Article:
Hydrogen/deuterium exchange experiments show a loosened but folded structure with reduced pH

Although our NMR spectra (Fig. 2) and some previous studies[2] show definitively that HdeA is still folded at pH 3.0, the results presented in this article also provide clear evidence that the protein is undergoing an overall unraveling of tertiary structure as the pH decreases and as the Asp and Glu side chains become neutralized, most likely in preparation for unfolding below pH 3.0. Even more interesting is the accelerated disappearance of spectral peaks during hydrogen/deuterium exchange, at pH values as high as 4.0, corresponding to residues in helix B (which is located in the interface of the HdeA dimer) (Fig. 5). The results indicate that, as the pH transitions to 4.0 and lower (and progressively falls below the pKas for aspartate and glutamate residues), the protein samples a larger range of conformations as a precursor to unfolding and transitioning to the monomer. Based on these results it appears that the dimer interface is one of the first segments within the HdeA dimer to start opening up, as shown by the large loss of solvent protection for helix B at pH 4.0.

It is also notable that the protein is slightly less protected at pH 6.0 compared to pH 5.0 (Fig. 5 and Supporting Information S1b). This is possibly a result of the ionization state of E37 in the center of the interface: given the estimated pKa of E37 (at a value > 5.0) a significant proportion of HdeA molecules will have a charged E37 side chain at pH 6.0, possibly destabilizing the dimer structure and resulting in more conformational exchange. This is supported by the observation of broadened peaks for residues in the region of 38–44, indicating intermediate exchange (on an NMR chemical shift timescale) in that segment of the folded structure at pH 6.0. It has already been proposed that the elevated pKa for E37 also helps to force HdeA to release bound substrates when the periplasmic environment returns to neutral pH.[7]

Correlation times at each pH and comparison to theoretical values confirm that HdeA is a dimer throughout the pH range

It is clear from the experimental results (shown in Fig. 6 and Table 2) that HdeA maintains its dimer structure at pH values down to 3.0 (and possibly lower), since the correlation times determined at each pH from R2/R1 ratios fall within a relatively narrow range of values (10.22 ± 0.54 ns). In addition, those τc values are all significantly higher than the expected correlation time for the monomer, which is estimated from HydroPro to be 5.96 ns.[13] The small decrease in τc in moving from pH 6.0 to 5.0 supports data from the hydrogen/deuterium exchange experiments, in that the dimer seems to be slightly less compact at the higher pH, possibly due to the presence of the negatively charged E37 residue in the center of the interface (that becomes neutralized at pH 5.0). HydroPro was also used to calculate the expected correlation time for the dimer and monomer.[13] When using the original crystal structure (1DJ8) as the template,[6] τc was significantly underestimated because 10 out of 89 residues are missing from the structure due to disorder at the N- and C-termini. We used Swiss-Pdb Viewer[15] to roughly build the missing residues into the crystal structure and re-run HydroPro. It is clear from the values in Table 2 that the rebuilt structure, containing the correct number of residues, better approximates the expected correlation time of the dimer.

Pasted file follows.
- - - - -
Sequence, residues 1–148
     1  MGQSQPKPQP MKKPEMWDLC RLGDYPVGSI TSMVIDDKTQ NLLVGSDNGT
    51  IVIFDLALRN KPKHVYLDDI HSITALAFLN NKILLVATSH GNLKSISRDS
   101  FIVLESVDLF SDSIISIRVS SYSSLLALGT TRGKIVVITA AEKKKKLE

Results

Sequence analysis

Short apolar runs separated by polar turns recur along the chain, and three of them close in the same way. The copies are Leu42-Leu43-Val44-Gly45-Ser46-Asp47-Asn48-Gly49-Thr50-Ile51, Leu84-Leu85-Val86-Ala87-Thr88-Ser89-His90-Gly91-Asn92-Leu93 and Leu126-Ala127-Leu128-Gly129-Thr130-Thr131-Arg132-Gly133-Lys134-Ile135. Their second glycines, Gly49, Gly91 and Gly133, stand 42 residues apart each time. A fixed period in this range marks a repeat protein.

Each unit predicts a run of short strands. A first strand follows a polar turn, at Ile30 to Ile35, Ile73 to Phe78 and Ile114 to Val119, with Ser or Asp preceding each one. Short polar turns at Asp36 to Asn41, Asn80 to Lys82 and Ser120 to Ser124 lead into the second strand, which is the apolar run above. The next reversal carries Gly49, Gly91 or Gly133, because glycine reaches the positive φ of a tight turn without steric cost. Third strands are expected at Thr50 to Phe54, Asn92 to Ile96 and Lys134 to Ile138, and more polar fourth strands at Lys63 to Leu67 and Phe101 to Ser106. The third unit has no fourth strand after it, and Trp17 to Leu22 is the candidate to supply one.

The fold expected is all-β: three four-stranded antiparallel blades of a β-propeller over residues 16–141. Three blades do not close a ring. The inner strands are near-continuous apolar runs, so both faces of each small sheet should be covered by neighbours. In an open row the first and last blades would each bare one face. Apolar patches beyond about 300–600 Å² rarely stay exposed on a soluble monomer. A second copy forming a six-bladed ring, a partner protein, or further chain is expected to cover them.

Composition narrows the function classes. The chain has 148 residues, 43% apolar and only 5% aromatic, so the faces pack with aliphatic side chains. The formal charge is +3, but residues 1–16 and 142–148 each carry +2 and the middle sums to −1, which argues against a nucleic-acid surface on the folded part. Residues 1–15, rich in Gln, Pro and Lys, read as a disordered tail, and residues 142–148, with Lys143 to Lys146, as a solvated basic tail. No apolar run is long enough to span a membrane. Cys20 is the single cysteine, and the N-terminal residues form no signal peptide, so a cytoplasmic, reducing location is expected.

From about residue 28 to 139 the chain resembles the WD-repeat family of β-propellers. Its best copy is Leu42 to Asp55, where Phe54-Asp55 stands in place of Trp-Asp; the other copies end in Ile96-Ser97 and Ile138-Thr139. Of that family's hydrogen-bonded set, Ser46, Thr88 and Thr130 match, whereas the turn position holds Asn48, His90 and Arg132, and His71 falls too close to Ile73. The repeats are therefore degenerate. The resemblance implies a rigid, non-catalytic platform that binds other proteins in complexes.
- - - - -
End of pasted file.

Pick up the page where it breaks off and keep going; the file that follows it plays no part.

We had some concerns that the maintenance of a folded dimer structure at pH 3.0 may be primarily an artifact of the high protein concentrations used for NMR studies. However, we see no evidence in the 1H-15N HSQC spectra for unfolding or dissociation, even at very low HdeA concentrations (∼20 μM); in fact, the spectra at high and low concentrations are identical (see Supporting Information Fig. S2).

R2/R1 ratios from relaxation studies support hydrogen/deuterium exchange experiments

The R2/R1 profiles at pH 5.0 and 4.0 are relatively uniform within the structured region of the protein, suggesting that residues in the helices are not participating in significant fast (ps–ns) or intermediate (μs–ms) timescale motions. Although the correlation time at pH 3.0 is similar to the values at pH 5.0 and 4.0, the plot of R2/R1 as a function of residue (Fig. 6) illustrates an increase in the heterogeneity of the internal dynamics compared to the higher pHs. This supports the idea of a loosened tertiary fold while still maintaining the dimer.